What you can expect from a lawyer
A lawyer's job is to explain the law and your legal options to you, and to act on your behalf.
- Lawyers don't make decisions for you — they review your situation and offer suggestions on what you can do. A lawyer should listen to what you say, and try to do what you decide you want to do. Remember that the lawyer is working for you. However, most lawyers won't follow instructions that are unreasonable. If your lawyer won't do what you want and says that you're being unreasonable, get a second opinion. If the second lawyer also says you're being unreasonable, you need to reconsider what you want. Lawyers are entitled to withdraw from cases if clients are unreasonable.
- Make sure you speak slowly, and present the facts in a straightforward way when telling the lawyer about your case. Try to describe your case as if it happened to someone else. This may help you to avoid becoming emotional or leaving out crucial information. Present the facts in chronological order so your lawyer gets a clear picture of your case. If you write the facts down ahead of time, you might find this easier.
- Sometimes it's hard to understand what a lawyer is saying. Don't hesitate to ask the lawyer to slow down and explain anything that has been said. Take notes while they're talking. If you have an advocate, take them with you to your meeting with the lawyer.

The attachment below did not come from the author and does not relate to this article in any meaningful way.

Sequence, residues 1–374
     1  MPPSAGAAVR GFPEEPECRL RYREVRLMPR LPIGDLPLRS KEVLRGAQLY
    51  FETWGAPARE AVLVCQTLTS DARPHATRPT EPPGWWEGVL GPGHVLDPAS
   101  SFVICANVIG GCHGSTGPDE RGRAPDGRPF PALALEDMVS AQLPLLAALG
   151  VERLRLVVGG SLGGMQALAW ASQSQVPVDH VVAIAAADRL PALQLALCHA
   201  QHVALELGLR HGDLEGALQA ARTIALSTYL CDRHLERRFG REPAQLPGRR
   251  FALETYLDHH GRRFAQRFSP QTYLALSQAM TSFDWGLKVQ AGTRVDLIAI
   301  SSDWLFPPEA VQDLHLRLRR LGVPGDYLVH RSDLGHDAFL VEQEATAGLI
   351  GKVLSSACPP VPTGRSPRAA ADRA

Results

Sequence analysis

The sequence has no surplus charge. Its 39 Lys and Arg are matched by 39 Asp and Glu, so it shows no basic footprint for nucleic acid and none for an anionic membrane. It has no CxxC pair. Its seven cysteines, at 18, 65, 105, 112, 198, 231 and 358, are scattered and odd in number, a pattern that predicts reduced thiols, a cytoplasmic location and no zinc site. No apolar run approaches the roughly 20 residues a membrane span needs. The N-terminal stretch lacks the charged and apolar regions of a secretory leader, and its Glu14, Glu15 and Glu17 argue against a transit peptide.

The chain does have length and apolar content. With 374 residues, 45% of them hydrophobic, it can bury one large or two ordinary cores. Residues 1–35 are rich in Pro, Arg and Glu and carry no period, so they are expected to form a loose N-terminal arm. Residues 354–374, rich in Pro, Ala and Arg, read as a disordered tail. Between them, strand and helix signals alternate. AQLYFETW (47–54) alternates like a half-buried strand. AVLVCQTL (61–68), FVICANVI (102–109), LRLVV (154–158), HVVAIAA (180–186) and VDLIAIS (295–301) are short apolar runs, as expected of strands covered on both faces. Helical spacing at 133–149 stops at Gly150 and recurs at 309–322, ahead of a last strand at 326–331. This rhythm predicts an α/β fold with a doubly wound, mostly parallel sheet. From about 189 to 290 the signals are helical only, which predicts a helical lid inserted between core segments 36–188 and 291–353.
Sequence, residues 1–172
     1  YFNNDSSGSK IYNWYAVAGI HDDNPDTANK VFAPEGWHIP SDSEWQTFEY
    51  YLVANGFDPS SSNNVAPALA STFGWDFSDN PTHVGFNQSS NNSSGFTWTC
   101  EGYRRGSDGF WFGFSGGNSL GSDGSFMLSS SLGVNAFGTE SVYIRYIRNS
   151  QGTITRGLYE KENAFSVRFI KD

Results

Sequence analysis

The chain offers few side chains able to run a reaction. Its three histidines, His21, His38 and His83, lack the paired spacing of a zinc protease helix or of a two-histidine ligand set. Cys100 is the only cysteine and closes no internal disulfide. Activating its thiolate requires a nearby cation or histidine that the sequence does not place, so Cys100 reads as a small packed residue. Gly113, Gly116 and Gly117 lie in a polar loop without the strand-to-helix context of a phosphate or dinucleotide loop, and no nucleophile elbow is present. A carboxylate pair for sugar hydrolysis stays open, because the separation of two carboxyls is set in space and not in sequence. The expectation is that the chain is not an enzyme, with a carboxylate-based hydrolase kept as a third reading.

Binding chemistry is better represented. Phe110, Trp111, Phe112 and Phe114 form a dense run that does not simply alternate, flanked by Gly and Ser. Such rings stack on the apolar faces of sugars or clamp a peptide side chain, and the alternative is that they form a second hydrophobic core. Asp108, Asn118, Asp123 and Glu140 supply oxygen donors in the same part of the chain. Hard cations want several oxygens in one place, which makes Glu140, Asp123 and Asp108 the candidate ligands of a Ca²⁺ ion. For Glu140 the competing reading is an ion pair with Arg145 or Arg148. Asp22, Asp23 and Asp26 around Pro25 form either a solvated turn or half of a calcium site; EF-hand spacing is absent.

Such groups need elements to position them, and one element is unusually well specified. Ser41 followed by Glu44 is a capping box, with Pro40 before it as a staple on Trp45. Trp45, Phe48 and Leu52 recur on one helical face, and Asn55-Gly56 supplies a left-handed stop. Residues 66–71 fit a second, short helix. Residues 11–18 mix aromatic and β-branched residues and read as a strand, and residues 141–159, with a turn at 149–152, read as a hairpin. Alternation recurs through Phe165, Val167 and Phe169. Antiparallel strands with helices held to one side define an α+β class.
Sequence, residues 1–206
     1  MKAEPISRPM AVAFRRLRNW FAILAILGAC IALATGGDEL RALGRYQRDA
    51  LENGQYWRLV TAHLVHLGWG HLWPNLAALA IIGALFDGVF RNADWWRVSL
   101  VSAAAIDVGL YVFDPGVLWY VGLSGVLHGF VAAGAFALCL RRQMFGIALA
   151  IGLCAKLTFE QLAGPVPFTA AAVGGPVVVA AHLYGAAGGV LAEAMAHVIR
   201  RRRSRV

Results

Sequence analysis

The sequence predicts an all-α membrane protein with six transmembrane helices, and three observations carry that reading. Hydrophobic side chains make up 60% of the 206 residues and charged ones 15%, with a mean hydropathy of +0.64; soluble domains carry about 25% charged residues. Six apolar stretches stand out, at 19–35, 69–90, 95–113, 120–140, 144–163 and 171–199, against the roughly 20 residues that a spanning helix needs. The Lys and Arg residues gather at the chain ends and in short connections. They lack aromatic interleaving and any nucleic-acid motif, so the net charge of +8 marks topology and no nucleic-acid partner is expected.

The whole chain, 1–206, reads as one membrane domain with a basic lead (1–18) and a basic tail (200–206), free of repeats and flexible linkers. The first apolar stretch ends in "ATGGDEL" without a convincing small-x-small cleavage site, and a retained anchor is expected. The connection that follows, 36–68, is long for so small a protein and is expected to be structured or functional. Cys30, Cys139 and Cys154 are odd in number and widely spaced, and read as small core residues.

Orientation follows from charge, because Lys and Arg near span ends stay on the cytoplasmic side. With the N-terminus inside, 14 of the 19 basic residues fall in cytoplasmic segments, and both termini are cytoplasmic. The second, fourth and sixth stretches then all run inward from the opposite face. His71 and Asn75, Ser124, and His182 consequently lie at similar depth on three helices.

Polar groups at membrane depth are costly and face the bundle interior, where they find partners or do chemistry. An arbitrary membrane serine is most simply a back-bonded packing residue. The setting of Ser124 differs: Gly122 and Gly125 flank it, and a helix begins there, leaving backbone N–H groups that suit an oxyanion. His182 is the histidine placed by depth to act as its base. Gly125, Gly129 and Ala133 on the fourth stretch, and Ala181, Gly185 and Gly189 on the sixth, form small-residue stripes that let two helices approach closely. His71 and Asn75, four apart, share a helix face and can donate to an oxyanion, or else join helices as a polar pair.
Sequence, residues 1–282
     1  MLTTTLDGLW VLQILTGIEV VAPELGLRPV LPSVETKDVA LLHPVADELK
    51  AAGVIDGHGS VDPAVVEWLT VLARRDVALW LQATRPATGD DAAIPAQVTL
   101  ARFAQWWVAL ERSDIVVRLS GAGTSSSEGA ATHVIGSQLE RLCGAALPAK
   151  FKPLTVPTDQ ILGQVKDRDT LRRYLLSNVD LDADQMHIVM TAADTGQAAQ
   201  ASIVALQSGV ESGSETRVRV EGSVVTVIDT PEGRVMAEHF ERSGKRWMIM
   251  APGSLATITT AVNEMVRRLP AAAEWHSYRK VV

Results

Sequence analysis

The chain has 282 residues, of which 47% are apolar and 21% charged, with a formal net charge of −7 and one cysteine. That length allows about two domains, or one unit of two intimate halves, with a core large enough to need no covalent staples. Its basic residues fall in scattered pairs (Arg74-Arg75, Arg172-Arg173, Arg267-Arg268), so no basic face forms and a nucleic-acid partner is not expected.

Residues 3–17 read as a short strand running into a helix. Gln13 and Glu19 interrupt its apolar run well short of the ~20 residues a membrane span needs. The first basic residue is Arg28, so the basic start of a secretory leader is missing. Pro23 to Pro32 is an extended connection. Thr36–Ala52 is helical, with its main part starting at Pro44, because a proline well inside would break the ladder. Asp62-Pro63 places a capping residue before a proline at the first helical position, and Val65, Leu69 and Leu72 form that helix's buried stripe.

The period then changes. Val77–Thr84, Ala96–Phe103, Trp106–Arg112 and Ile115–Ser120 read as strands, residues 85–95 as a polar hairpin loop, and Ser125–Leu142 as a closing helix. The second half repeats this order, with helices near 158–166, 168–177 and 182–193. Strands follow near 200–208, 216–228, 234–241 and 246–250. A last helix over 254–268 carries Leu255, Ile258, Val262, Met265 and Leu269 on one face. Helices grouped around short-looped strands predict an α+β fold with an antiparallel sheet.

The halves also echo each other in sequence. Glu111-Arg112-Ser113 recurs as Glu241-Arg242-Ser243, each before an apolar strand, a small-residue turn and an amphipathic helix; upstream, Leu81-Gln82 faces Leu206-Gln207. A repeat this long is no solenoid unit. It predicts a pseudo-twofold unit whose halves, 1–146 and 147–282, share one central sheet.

- Your lawyer can help with legal advice only. If you need emotional support, talk to a friend, an advocate, or a counsellor.
What to ask your lawyer
Here are some things that you might want to ask your lawyer:
- What are my choices?
After you've explained your problem, ask the lawyer to talk about your options. If you don't understand something, ask. Take the time to think things over.
- What do I need to support my case?
Ask the lawyer what evidence you need to support your case. For example, you may need to get receipts from a daycare centre or statements from witnesses.
- Can I get help with part of the work?
You can ask the lawyer how much it would cost to get help with a certain part of your case. For example, you might want the lawyer to draft your affidavit, or review the other party's application or reply. (Some lawyers are prepared to offer this kind of help. See BC Family Law Unbundling Roster.)
- What can I get help with?
Ask your lawyer to explain the things you need to be helped with, and what steps are involved. Or ask your lawyer to suggest what you can do to save time or money.
- Can I get help from both an advocate and a lawyer?
If you have an advocate or want help from one, discuss this with your lawyer. Ask your lawyer if they are willing to work together with an advocate.
- How long will it take?
Ask if there might be delays and how you can avoid or reduce them.
- How much will it cost?
Ask the lawyer how much your bill will be and if there will be any additional costs. Tell your lawyer you want to know about costs while your case goes on.
- When do I have to pay?
You're entitled to get a detailed bill before you pay. Some lawyers will agree to wait until your case ends before asking for payment. Remember: how and when you pay can always be negotiated.
If you have a problem with your lawyer
If you have a problem with your bill or your lawyer, try to work things out with the lawyer first.
- You're entitled to have your bill reviewed if you're not happy with it. Contact the Law Society of British Columbia for advice about any problems you have with your lawyer.
- See the Legal Aid BC website for advice about any problems you have with a legal aid lawyer.
- See also the fact sheet Working with Your Legal Aid Lawyer (available online in English).
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